Perhaps the most dangerous appeal of the controlling, possessive, jealous Alpha hero is the idea that I could be the woman to tame him.
We went home and snuggled in bed, catching up. It felt great. It was then that she told me she’d had sex with another guy. Two nights ago. In the very bed we were in now.
Photographer Paul McDonald is possessed by two things. The first is a set of mysterious and intimate medical slides found by chance at an auction and carried with him ever since; and the second is the very concept of masculinity.
While we discuss and debate our diverse cultural and personal constructions of masculinity, it’s worth bearing in mind that the evolutionary evidence also suggests a certain fluidity. What it means to be a man has changed, across history and prehistory, in both cultural and biological terms.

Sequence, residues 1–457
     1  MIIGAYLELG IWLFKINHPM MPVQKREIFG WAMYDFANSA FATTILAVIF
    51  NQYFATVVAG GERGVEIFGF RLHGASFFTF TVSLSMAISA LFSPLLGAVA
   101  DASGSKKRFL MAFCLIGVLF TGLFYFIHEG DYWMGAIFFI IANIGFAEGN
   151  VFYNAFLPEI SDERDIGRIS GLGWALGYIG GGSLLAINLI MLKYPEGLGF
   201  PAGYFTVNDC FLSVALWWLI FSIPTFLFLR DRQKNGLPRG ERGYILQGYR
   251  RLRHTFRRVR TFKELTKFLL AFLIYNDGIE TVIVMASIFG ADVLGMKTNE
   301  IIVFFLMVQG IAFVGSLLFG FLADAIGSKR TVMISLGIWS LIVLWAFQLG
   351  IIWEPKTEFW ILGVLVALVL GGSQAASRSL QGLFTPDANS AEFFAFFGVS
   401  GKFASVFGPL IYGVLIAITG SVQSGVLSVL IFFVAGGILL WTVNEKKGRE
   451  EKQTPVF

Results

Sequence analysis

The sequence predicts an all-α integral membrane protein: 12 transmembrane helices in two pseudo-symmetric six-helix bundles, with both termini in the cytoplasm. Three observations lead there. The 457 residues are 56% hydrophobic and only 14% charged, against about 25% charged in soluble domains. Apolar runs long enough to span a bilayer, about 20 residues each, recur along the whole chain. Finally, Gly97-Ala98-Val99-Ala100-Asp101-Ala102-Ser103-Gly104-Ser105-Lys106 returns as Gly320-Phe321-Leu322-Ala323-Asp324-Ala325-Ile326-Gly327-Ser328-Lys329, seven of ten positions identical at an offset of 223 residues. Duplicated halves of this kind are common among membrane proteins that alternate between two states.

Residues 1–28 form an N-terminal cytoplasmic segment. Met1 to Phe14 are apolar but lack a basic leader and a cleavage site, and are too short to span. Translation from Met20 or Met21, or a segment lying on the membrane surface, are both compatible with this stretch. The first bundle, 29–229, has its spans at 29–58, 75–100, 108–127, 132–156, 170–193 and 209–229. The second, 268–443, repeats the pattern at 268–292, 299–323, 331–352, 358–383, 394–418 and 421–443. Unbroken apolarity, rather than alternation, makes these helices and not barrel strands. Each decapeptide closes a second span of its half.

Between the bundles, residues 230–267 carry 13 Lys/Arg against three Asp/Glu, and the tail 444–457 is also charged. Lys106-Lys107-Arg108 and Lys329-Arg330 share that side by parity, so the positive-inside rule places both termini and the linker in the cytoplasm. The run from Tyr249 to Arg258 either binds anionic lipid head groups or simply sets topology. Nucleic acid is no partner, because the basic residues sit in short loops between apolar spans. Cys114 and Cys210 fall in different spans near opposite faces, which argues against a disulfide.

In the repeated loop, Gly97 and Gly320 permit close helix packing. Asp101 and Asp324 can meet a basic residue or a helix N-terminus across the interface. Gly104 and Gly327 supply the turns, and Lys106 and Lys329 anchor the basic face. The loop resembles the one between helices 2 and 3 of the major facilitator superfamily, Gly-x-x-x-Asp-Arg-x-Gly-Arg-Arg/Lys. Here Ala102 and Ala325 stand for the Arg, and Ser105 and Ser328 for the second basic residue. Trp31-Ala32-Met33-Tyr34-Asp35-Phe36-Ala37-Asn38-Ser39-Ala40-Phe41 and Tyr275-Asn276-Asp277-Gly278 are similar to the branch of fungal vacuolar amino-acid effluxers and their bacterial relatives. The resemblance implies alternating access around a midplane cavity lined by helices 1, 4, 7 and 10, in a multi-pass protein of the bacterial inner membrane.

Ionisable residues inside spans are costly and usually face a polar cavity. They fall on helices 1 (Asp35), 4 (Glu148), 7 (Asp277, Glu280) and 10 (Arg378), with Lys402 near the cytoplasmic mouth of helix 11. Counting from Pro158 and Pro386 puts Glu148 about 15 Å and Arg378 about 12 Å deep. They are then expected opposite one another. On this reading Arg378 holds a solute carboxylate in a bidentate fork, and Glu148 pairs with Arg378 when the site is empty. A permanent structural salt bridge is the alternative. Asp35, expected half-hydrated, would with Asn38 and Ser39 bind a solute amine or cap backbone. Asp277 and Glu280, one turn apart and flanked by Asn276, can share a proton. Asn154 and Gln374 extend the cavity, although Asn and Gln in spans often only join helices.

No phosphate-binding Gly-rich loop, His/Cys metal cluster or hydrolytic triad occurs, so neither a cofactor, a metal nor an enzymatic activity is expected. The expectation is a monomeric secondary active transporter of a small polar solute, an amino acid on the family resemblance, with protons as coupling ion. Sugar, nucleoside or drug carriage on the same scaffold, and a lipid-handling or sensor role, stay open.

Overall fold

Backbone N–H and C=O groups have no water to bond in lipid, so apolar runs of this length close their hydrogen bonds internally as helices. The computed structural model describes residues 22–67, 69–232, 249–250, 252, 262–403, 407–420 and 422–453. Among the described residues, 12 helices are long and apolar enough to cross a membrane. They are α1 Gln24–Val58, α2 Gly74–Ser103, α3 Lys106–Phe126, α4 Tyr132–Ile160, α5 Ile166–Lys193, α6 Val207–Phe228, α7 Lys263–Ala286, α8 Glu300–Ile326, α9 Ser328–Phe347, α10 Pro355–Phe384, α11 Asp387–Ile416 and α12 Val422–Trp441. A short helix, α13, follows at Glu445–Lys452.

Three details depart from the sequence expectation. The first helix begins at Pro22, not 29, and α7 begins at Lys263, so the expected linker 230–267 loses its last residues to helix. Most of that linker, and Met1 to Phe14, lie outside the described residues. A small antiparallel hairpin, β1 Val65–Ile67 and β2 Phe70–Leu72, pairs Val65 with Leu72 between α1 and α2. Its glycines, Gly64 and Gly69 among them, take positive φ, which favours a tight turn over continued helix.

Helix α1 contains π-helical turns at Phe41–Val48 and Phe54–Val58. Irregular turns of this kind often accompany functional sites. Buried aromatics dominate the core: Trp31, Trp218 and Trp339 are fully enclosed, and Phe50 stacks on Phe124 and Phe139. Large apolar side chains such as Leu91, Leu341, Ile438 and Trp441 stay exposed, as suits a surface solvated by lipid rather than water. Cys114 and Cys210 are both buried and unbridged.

As much as we shape cartoons in our image, they shape our concepts of ourselves. This is why animated television is such prime territory for understanding our relationship to the concept of fatherhood.
At the edge of Lake Burley Griffin I could see Parliament House across the water, and in the distance I tried and failed to make out the view I’d seen posted on Twitter: hundreds of pink paper hearts planted in the lawn reading “All Love Is Equal”.
“No man I’ve ever met compares to Sam in terms of maleness.” Nevertheless, Shepard’s self-consciousness is such that traditional US masculinity is often scrutinised – even satirised – in his drama.